Are the New ’90s American Girl Dolls Jewish?

Twins Nicki and Isabel Hoffman seem to celebrate Hanukkah — but a deeper Jewish representation is nowhere to be found.

Well, it finally happened. This week, American Girl announced ‘90s historical dolls, twins named Nicki and Isabel Hoffman. Yes, the ‘90s are now a historical era, complete with dolls that can live next to your Mollys and Samanthas. The dolls draw clear inspiration from the Olsen twins and the movie “Clueless.” And, because treating the ‘90s as a historical era isn’t upsetting enough, American Girl decided to bring back, along with portable CD players and Y2K, the kind of Jewish representation I overwhelmingly remember growing up: one that’s barely there.

Buzz about these dolls, and their Jewishness, have circulated for months. Blogs dedicated to the tracking of American Girl trademarks first noted last year that among other things, the company had filed a trademark application for “Nicki Cohen” and “Isabel Cohen,” before ultimately landing on the surname “Hoffman.”

While this is not unusual — American Girl frequently files trademarks they do not ultimately use — to me it was the first sign of trouble. Because what is the difference? What does Hoffman have that Cohen doesn’t?

It turns out, what it has is plausible deniability, the overarching theme of this entire collection.

American Girl has made a series of disappointing choices here. The dolls are white and pale, with light, straight hair. There is no mention of the dolls being Jewish in any of the promotional materials initially released. The website’s product description of Isabel’s accessories describes Isabel’s butterfly bedroom lights as a “Christmas gift” from her sister Nicki. The Pizza Hut accessory includes a pepperoni pizza. There is not a single reference anywhere on the website to the dolls being Jewish or being from an interfaith household, except, if you have eagle eyes, a sample page of Nicki’s book (for this collection, American Girl has foregone the traditional “Meet” books of years past for character “journals” more akin to the Amelia books, for those who remember them, or “Diary of a Wimpy Kid”) and the product description of the pet cat and dog, which describes them as Hanukkah gifts.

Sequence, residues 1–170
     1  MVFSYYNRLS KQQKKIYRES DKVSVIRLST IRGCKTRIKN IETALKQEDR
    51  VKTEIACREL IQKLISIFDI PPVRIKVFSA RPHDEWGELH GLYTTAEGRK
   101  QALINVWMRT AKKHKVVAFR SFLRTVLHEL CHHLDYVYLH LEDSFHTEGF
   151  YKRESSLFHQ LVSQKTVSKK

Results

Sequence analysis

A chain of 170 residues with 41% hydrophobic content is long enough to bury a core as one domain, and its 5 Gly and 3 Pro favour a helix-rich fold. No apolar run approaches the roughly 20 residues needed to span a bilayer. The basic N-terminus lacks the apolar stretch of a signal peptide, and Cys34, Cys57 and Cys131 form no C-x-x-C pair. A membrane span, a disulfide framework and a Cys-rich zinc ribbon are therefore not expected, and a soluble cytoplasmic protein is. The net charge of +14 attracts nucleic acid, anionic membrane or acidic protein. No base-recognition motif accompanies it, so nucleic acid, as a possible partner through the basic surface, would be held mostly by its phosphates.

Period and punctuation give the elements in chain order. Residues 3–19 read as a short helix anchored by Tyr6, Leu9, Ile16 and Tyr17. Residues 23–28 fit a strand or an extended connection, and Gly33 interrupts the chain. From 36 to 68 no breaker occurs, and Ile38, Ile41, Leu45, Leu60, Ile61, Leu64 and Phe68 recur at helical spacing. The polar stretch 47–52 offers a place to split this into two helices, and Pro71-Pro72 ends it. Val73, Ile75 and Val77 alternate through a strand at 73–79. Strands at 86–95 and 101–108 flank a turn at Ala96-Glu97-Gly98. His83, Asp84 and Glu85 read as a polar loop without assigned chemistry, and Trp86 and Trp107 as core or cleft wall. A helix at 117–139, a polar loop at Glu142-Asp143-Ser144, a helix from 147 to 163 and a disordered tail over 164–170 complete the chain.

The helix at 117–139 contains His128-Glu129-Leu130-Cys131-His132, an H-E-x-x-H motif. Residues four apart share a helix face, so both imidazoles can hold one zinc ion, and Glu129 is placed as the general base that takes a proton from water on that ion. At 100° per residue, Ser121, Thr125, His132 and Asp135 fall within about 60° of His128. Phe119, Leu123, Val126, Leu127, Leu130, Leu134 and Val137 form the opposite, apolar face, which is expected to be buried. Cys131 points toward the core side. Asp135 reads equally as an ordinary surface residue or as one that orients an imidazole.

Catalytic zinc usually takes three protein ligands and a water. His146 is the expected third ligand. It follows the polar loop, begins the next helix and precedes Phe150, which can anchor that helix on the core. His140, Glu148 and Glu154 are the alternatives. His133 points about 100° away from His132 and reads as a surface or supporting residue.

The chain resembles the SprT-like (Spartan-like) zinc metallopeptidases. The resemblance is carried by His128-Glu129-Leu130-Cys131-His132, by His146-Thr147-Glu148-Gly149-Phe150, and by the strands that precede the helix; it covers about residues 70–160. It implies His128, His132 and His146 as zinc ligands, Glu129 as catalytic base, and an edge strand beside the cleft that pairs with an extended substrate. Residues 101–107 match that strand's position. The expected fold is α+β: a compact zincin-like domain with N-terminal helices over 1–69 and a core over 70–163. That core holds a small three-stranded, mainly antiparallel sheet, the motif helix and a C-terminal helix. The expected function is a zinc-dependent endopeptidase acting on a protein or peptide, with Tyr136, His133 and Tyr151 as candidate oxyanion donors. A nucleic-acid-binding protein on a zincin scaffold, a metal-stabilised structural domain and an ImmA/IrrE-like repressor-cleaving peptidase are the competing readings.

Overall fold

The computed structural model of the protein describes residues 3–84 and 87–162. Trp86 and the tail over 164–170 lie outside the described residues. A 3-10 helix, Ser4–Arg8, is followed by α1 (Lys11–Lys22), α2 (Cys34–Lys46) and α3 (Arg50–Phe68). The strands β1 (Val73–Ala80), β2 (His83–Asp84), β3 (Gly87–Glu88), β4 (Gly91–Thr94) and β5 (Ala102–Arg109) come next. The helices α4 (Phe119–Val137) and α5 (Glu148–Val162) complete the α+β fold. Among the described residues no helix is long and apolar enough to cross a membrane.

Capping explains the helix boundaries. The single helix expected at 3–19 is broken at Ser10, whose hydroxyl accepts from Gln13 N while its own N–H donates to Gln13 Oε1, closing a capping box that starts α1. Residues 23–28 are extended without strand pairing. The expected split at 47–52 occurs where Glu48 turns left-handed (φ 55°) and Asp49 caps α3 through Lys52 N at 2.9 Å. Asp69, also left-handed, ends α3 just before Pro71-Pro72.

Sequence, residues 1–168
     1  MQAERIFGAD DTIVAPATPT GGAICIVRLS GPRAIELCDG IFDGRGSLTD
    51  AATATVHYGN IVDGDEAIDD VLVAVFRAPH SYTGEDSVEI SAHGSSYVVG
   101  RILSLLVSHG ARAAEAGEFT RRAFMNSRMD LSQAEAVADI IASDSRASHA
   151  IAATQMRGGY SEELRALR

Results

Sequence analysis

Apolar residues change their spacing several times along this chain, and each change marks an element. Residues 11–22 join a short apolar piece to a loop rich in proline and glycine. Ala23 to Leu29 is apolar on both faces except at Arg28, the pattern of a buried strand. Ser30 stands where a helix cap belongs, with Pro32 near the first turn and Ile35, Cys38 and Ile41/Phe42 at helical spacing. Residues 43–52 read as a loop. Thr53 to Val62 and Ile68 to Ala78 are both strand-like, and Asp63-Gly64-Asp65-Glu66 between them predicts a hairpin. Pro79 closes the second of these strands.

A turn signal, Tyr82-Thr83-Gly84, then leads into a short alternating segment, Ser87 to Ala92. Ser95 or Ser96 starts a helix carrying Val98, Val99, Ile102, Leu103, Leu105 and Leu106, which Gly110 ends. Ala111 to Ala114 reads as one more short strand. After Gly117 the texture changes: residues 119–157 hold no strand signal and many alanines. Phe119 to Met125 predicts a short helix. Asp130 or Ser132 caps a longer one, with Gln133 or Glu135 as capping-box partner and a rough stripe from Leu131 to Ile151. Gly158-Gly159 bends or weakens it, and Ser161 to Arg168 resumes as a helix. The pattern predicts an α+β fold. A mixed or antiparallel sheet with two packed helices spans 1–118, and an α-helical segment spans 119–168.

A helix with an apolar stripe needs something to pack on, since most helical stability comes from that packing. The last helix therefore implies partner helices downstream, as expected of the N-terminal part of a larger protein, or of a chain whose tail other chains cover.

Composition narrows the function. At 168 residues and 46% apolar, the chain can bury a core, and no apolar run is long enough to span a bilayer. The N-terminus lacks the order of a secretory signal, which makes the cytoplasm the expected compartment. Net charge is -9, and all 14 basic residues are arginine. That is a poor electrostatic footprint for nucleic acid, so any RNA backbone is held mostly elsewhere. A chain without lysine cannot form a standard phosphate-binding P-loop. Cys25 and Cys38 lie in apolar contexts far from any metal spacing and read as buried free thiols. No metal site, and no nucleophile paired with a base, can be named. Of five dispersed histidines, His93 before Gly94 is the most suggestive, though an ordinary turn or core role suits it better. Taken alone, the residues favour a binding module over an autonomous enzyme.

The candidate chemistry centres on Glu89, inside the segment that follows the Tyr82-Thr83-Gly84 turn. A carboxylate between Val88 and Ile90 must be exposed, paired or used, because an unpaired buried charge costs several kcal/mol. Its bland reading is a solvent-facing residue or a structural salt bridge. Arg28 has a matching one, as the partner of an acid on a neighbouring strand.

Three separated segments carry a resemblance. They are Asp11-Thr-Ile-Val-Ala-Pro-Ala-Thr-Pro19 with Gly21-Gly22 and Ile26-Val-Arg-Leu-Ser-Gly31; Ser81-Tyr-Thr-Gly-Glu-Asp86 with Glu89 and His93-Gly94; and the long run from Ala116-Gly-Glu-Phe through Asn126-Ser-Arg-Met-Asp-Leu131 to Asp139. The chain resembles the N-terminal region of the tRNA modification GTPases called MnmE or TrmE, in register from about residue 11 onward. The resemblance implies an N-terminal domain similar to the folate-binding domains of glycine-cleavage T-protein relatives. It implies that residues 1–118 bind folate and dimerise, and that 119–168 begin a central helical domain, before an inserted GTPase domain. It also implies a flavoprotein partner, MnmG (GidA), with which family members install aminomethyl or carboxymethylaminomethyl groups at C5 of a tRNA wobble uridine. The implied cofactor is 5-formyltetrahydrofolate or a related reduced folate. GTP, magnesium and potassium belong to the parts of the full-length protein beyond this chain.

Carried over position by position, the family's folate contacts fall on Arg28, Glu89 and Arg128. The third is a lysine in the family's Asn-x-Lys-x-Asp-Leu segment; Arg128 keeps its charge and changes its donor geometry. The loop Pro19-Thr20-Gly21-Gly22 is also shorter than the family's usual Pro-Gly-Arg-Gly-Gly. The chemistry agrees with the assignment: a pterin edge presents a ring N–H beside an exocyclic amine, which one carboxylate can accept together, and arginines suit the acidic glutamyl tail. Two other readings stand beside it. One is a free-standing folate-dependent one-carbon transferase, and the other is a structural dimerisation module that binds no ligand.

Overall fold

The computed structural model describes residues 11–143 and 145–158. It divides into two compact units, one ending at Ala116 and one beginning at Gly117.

Now to be clear, of course there are blonde Jews, Jews who eat pepperoni pizza and Jews from interfaith households. The problem here is that American Girl has completely abandoned the pretense that these are educational toys and have buried the Jewish identities of these dolls deep enough that it can be ignored.

There was a time when American Girl treated its historical collections as educational opportunities. Occasionally, it still does. Last year’s new historical release, Claudie Wells, is a girl growing up during the 1920s Harlem Renaissance whose collection included a more traditional “meet book” written by best-selling author Brit Bennett that offers a new window on Black American life beyond the historical eras it previously explored.